British Prime Minister Theresa May will face a vote of no-confidence in her government, the head of a Conservative Party committee in charge of organising leadership challenges said on Wednesday.Graham Brady, the head of the party committee in charge of elections, said the vote by Conservative Party lawmakers will be held between 6:00 pm and 8:00 pm on Wednesday.
The results will be “announced as soon as possible in the evening,” he said.
If May loses that vote, a leadership election is held and, if a new party leader is elected, he or she becomes the new prime minister.
The fate of both her unpopular draft withdrawal agreement and her government are now in the balance with the clocking ticking down to Britain’s March 29 departure from the European Union after 46 years.
The no-confidence vote was triggered after months of plotting by Brexit-supporting Conservative MPs to collect the minimum 48 letters from MPs necessary to trigger a vote.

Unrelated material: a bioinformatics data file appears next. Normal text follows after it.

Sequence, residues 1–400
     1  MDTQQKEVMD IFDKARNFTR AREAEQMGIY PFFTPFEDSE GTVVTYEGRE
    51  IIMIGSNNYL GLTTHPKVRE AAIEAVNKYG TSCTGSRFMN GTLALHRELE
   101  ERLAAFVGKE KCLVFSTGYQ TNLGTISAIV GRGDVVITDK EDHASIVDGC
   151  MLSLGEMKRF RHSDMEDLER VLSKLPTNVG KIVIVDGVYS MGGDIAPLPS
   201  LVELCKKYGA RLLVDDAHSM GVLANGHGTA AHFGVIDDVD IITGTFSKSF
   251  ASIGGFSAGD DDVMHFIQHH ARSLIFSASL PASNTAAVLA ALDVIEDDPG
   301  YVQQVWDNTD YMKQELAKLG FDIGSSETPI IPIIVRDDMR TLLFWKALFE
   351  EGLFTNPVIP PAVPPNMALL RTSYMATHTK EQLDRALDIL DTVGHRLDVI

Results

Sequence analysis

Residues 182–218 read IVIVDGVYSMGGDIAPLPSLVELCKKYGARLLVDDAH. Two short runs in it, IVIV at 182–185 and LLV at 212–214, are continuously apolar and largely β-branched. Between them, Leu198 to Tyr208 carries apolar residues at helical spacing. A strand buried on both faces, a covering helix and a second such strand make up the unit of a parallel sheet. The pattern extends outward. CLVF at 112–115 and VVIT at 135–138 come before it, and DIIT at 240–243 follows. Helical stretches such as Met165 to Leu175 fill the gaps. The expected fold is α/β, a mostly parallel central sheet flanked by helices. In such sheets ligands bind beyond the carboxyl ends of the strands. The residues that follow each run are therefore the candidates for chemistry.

Several past members of May’s government — including former foreign minister Boris Johnson — have had their eyes on the premiership post.
If May survived the motion, no second one could be taken by party members for another year.
Several top members of her cabinet quickly rallied to her support.
“The last thing our country needs right now is a Conservative Party leadership election,” Home Secretary Sajid Javid tweeted.
Javid himself has been mentioned as a possible replacement for May.
“Will be seen as self-indulgent and wrong. PM has my full support and is best person to ensure we leave EU on 29 March,” Javid wrote.
Government in ‘disarray’
Even if May survives Wednesday’s vote and potential leadership challenge, she could face a no-confidence motion from opposition parties.
The main opposition Labour Party has said the government is in “disarray” but is so far holding off on attempting to topple May.
The Scottish National Party and the Liberal Democrats, which are both anti-Brexit, have urged Labour to do so and are hoping this could lead to a second referendum.
A few EU supporters within May’s own Conservative Party are also calling for another popular vote, while Brexit hardliners are urging fellow Conservatives to oust her.
A lot will hinge on what the Democratic Unionist Party, whose 10 MPs prop up the government, will do.
The DUP have indicated they will not vote against May on a confidence motion for now but have demanded that she jettison the backstop.